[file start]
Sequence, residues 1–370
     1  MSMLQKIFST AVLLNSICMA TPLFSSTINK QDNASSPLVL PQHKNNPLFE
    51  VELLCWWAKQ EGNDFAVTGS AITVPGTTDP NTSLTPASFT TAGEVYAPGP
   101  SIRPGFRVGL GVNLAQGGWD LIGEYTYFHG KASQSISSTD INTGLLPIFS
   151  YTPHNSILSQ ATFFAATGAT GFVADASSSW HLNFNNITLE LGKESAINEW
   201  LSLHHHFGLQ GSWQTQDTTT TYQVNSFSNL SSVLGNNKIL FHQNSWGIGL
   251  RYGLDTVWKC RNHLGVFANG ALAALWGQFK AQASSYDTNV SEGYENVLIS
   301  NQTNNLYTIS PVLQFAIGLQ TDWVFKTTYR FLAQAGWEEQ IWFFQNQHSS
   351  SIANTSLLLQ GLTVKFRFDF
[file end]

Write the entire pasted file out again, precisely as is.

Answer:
Sequence, residues 1–370
     1  MSMLQKIFST AVLLNSICMA TPLFSSTINK QDNASSPLVL PQHKNNPLFE
    51  VELLCWWAKQ EGNDFAVTGS AITVPGTTDP NTSLTPASFT TAGEVYAPGP
   101  SIRPGFRVGL GVNLAQGGWD LIGEYTYFHG KASQSISSTD INTGLLPIFS
   151  YTPHNSILSQ ATFFAATGAT GFVADASSSW HLNFNNITLE LGKESAINEW
   201  LSLHHHFGLQ GSWQTQDTTT TYQVNSFSNL SSVLGNNKIL FHQNSWGIGL
   251  RYGLDTVWKC RNHLGVFANG ALAALWGQFK AQASSYDTNV SEGYENVLIS
   301  NQTNNLYTIS PVLQFAIGLQ TDWVFKTTYR FLAQAGWEEQ IWFFQNQHSS
   351  SIANTSLLLQ GLTVKFRFDF